2
$\begingroup$

How does the Lorentz force work? In the context of a homopolar motor.

I am a year 13 student so please keep your answers simple! I am having trouble understanding the Lorentz force; does the magnetic field affect the electrons or what?

$\endgroup$
3
  • $\begingroup$ lorentz force works as other forces (like gravity). It produces change of state (acceleration) of the partile on which it acts (newton 2nd law). The lorentz force then just describes electromagnetic forces (and not gravity!), which (electromagnetic) forces act on the particle charge and movement (since a moving charge is affected by magnetic field as well) $\endgroup$
    – Nikos M.
    Nov 15, 2014 at 22:00
  • $\begingroup$ No, the magnetic field doesn't "care" of the electrons. It is "aware" of the MAGNETIC field produced by the movement of the electrons. $\endgroup$
    – Sofia
    Nov 16, 2014 at 0:34
  • 1
    $\begingroup$ Zax, would you be so kind as to refine your question? Yes, a magnetic field affects electrons. Now, what specifically about this empirical fact would you like to ask about? $\endgroup$ Nov 16, 2014 at 4:12

2 Answers 2

1
$\begingroup$

In the context of the homopolar motor you can find lots of resources on the Internet: e.g. http://blog.first4magnets.com/what-is-a-homopolar-motor-and-how-does-one-work/

In electromagnetism an EMF can be produced by changing the magnetic flux through a conducting circuit. However you can also produce a "motional EMF" by moving charged particles in a magnetic field, via the Lorentz force.

The Lorentz force is exerted on charged particles (in this case, electrons in the conductors) as they move with respect to a magnetic field. The force is of size $qvBsin\theta$, where $q$ is the charge, $v$ the velocity, $B$ the magnetic field and $\theta$ the angle between the velocity and B-field. It is directed at right angles to the B-field and velocity.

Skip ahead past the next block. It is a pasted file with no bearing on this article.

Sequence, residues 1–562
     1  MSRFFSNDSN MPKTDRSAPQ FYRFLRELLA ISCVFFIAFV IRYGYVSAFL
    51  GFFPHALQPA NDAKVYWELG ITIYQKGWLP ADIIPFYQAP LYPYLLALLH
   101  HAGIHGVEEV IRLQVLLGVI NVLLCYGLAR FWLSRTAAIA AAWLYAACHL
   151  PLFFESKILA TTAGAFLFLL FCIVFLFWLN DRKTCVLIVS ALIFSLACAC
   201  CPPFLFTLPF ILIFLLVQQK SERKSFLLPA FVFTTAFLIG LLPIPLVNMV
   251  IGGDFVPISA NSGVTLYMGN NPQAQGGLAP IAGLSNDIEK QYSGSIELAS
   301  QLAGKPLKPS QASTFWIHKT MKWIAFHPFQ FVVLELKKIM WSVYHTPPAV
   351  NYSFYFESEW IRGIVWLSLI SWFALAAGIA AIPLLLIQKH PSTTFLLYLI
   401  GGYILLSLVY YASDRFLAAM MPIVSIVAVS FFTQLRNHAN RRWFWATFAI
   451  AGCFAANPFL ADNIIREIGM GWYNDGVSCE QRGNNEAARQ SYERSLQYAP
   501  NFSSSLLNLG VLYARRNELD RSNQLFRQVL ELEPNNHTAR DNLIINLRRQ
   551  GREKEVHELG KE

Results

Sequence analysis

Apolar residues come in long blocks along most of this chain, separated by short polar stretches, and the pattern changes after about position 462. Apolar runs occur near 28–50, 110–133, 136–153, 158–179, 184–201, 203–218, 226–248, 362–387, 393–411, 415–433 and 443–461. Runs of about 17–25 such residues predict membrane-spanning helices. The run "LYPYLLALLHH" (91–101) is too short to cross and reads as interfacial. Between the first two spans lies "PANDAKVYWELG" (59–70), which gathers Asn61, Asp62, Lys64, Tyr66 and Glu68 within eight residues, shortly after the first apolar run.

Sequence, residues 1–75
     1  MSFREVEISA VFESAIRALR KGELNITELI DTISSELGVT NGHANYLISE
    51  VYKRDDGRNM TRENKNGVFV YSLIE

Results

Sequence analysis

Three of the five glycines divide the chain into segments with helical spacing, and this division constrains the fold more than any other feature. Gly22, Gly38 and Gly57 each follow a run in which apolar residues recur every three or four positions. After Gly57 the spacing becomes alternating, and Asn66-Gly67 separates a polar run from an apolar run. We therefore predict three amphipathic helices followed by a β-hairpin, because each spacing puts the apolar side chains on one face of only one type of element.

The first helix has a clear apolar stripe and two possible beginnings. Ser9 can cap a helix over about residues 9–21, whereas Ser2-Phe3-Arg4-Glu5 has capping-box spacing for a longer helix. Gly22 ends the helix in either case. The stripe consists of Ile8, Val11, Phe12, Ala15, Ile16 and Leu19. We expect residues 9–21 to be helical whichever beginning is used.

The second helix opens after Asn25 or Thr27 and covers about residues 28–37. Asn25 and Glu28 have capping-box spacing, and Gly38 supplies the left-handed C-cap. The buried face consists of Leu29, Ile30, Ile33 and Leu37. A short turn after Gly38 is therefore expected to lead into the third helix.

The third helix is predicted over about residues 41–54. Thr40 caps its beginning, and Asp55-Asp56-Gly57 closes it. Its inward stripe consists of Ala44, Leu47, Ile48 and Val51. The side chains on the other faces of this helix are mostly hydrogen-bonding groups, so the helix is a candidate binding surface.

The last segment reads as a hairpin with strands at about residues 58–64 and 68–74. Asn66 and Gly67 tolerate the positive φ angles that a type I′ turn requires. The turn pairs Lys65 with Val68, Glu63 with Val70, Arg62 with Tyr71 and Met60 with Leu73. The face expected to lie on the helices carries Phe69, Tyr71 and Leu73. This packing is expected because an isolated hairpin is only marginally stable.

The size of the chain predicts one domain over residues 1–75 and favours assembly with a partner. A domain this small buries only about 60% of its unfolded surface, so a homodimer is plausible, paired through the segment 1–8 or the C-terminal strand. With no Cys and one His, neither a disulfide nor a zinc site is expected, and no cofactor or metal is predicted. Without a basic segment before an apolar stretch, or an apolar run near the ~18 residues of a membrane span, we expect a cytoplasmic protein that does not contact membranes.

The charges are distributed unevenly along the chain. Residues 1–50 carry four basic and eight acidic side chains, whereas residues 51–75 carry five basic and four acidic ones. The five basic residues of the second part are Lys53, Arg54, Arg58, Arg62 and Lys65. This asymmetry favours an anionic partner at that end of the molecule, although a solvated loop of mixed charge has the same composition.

This force can be used to generate an EMF or in the case of a motor where the EMF is supplied, the Lorentz force can be used to move a conductor.

$\endgroup$
2
  • $\begingroup$ Would you mind linking to the 'lots of resources'? $\endgroup$ Nov 17, 2014 at 6:47
  • $\begingroup$ @ZaxPullar I've put in a couple of links. Search engines revealed many more. $\endgroup$
    – ProfRob
    Nov 17, 2014 at 18:19
0
$\begingroup$

Electrons such as all protons, neutrons, positrons, ... have magnetic moment(s). If a electron lay in a magnetic field this field will align this moment, such like every magnetic dipole will be aligned.

Now if the electron is moving into a magnetic field his magnetic dipole will be aligned too. But this alignment is accompanied by a gyroscopic effect. Gyroscopic effect means that every rotating body act again the force which try to align it. Because the electron has not a magnetic moment only but spins too the electron will be deflected. Since any deflection lets to a photon emission and this emission is directed against the gyroscopic effect so the direction of the magnetic moment of the electron more or less fall back in his previous orientation. Now the game starts again. Only the electron due to the photon emission loses energy, the velocity slows down and the path of the electron is a spiral. If to be precise it is a spiral made from "tangerine slices"

$\endgroup$
3
  • $\begingroup$ Not in the least responsive to the question. $\endgroup$ Nov 30, 2014 at 20:21
  • $\begingroup$ @dmckee About the homopolar generator see my answer physics.stackexchange.com/questions/172620/… $\endgroup$ Mar 27, 2015 at 21:49
  • $\begingroup$ @HolgerFiedler:Your answer gives some info about why an electron experience a force in magnetic field.To be honest I still couldn't get why the electron deflects in a magnetic field as said in this video.Could you help me by explaining it a little bit more simple $\endgroup$
    – justin
    May 2, 2016 at 10:36

Your Answer

By clicking “Post Your Answer”, you agree to our terms of service, privacy policy and cookie policy

Not the answer you're looking for? Browse other questions tagged or ask your own question.